Investor Bought At Aucion-Turns Out To Be 2nd--Wants To Quiet 1st

11 Replies

This is a local ordeal. Investor failed to have title run before bidding. They paid over 100K and then find out they bought the second. 1st hasn't been paid for over five years. They believe an attorney can do a quiet title action on the 1st because no action has been taken by 1st holder to collect. This is the second time a bidder bought a second but I believe the other bidder just forfeited their deposit. This bidder wired funds and THEN found out it is a second. Is this possible for a judge to simply rule that a 1st owed over a 100K automatically has no right to their funds because they have failed to act? This sound really off to me. Any legal minds have any input?

John Thedford, Real Estate Agent in FL (#BK3098153)

No way quiet title will wipe out the first.  

There was a ruling on the lenders stalling foreclosures.  No one gets a free ride.  

Court ruling lets lenders bring stalled foreclosures 'back to life'

His/Her best option is:

1.  try to buy the first at a discount or negotiate a lower payoff.

2. Don't pay real estate taxes and instead purchase the tax lien certificate and after 2 years foreclose on the taxes by applying for tax deed.  If first doesn't step in, then they get wiped out and only then he/she can quiet title.

3. Keep renting the house until he/she gets all of the money back and don't pay the first.

4.  If he/she paid over the judgement amount then he/she can contact first and have them apply for surplus funds this way some of the money goes to pay down first mortgage.  They only have 60 days for this though.

Never ceases to amaze me how often this scenario occurs. Quiet title would be a tremendous waste of time. "Let me sue you because I screwed up and overpaid a second lien foreclosure and the only way I can get out of it is to somehow claim that my screw up is because you did nothing"?

Holy cow, @John Thedford ... they are screwed unless they can get that wire back. And it sounds like it has been hours or days so that option is likely out. That leaves trying to limit losses using other means as suggested above.

Originally posted by @Tom Gimer :

Holy cow, @John Thedford ... they are screwed unless they can get that wire back. And it sounds like it has been hours or days so that option is likely out. That leaves trying to limit losses using other means as suggested above.

 They found out after they sent payment. Got it to a judge and asked judge to rescind sale, Judge said SORRY, NO--and ruled against them. Over 100K spent...on a 2nd...1st is owed over worth less than 200K.  They should have spent $75 for a title report!

John Thedford, Real Estate Agent in FL (#BK3098153)

Wow.  This is every investor's worst fear realized!  I hope they find a solution that helps them recover their funds, or at least mitigate their losses.

If anyone wants to pay 185% of FMV for a property in Lehigh Acres, FL send a PM:)

$75 would have saved this guy! 

John Thedford, Real Estate Agent in FL (#BK3098153)

@Tom Gimer   I bought a property over in Washington state.. and some how the owner said the lender contacted him after he had not paid for a very long time 5 to 7 years.. and said we are just deeding you the property.. we lost our right.. now I had never heard of that before or after.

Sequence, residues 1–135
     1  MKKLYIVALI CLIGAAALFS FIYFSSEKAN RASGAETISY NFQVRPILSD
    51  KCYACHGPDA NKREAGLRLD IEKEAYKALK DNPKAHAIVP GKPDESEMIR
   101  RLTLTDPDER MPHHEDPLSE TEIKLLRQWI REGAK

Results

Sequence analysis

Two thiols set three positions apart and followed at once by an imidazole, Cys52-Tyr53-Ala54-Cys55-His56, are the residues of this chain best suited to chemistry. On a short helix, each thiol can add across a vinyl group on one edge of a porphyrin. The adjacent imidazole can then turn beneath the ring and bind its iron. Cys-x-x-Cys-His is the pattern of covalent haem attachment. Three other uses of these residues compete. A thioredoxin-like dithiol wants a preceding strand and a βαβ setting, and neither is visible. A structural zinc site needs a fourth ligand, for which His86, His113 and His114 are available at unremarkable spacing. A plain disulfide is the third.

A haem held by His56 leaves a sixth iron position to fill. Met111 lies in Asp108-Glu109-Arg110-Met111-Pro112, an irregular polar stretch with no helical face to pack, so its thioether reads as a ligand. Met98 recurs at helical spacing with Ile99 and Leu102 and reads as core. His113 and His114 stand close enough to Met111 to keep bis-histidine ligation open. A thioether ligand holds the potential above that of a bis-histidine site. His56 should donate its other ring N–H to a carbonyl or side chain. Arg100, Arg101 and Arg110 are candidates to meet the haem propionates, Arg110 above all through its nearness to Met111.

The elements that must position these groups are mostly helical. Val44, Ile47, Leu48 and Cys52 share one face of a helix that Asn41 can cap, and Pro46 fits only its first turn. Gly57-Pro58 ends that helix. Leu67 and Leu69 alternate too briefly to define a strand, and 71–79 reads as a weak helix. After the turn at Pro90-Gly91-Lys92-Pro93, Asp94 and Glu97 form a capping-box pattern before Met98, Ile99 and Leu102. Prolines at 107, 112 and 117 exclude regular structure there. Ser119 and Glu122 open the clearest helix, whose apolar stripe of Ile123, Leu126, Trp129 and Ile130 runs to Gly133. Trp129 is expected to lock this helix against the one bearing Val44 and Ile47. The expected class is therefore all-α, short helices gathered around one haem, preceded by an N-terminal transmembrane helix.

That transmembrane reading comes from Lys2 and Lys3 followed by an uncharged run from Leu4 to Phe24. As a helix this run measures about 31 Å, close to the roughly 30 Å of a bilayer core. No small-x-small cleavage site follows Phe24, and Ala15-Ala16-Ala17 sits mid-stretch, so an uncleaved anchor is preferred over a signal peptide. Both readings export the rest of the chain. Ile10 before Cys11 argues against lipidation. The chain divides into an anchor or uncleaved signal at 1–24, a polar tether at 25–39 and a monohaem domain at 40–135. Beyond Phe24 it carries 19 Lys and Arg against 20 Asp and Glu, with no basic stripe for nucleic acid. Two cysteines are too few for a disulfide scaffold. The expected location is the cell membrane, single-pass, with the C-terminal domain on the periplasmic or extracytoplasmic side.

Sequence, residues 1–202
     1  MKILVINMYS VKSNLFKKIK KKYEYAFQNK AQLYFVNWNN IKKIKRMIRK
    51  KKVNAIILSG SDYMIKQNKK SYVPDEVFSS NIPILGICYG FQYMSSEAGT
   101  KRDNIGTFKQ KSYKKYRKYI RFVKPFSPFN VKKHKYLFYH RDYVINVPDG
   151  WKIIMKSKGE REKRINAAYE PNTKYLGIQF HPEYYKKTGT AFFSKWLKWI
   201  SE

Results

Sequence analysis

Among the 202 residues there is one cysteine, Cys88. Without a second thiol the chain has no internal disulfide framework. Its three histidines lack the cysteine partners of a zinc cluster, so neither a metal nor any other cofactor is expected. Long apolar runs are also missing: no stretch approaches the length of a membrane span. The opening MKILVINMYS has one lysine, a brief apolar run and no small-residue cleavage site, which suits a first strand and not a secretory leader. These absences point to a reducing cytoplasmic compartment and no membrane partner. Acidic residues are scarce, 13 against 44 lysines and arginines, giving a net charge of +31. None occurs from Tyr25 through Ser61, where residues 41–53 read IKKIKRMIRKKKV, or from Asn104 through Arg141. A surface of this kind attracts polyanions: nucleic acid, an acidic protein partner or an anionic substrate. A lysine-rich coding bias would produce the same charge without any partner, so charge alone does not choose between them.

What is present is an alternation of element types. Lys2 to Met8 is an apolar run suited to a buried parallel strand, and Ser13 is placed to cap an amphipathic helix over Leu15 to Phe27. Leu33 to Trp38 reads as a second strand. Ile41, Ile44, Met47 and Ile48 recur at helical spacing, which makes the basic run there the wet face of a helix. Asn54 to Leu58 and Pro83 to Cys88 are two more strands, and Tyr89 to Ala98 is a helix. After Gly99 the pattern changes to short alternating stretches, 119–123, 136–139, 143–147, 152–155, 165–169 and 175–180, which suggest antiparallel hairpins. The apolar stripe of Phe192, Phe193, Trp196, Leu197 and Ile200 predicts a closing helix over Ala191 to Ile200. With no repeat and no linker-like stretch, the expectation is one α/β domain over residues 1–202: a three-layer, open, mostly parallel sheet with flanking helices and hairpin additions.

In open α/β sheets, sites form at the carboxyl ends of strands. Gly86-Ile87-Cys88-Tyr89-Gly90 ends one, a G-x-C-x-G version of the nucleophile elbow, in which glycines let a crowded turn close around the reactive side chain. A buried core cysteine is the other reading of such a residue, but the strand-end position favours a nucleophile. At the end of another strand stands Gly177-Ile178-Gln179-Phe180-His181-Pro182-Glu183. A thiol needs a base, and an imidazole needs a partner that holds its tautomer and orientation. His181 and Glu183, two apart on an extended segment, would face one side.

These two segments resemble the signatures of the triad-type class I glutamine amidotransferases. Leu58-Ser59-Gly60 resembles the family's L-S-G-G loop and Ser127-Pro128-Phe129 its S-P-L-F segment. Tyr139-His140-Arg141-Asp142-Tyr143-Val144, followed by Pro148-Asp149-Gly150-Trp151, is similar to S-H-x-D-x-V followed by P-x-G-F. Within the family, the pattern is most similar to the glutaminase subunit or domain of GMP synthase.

I bought it I got title insurance.. and sure enough somehow this happened.. I think its one of those you live long enough you see some strange thing happen or maybe its particular to the state of WA.

But as for buying a second .. I know out our way once you hand the check to the crier its over..

WE have to have cashiers checks on the spot for full purchase price.

if you found out the day of the sale their could be a chance to have your bank stop payment on the cashiers check but you would need to be a pretty valuable client for the bank issuing the check to do that for you.. I have done it once.. Not a foreclosure different scenario .. but I bank at a small commercial bank.. if you used a large major bank I bet that would be tough to do.

but once they cash the check I think your out of luck unless the sale was flawed on the trustee side the money is not coming back.

@Jay Hinrichs Once a cashier's check is issued and handed over to a payee, the payment cannot be stopped. If a holder in due course negotiates it within 90 days the bank has to honor it. It doesn't matter how close you are with your bank, these things are as good as cash in hand and the payer is SOL.

The only way out of this one was to reverse the wire and default. Wire reversals need to be done really fast.

In this case even a default would lead to big damages on the resale.

@John Thedford - That is one of my biggest fears in buying foreclosures.  When we bought our first one in Memphis, we were stupidly naive about the process and didn't even know that we could be bidding on a second!  Luckily, it was clean and we are very diligent about our background review.  I'm so very sorry for your friend. :(

@John Thedford . There is no solution.  Losing it or pay the first off is the only solution. Family member has came into this issue. And simply threw away the property and take the lost. There is caution when bidding on foreclosure. All the title search is on the bidder. And bidder takes fully responsibility.   When deal is too good to be true in foreclosure bidding. There is problem. 

Yep, this guy is cooked.....a QT won’t remove a legit mtg and the SOL doesn’t make it void.
Roman is correct, except the tax certificate/deed route doesn’t give you just sends it to public auction where you have to bid against everyone else. The first is entitled to any bid surplus though, so that may help some.

Join the Largest Real Estate Investing Community

Basic membership is free, forever.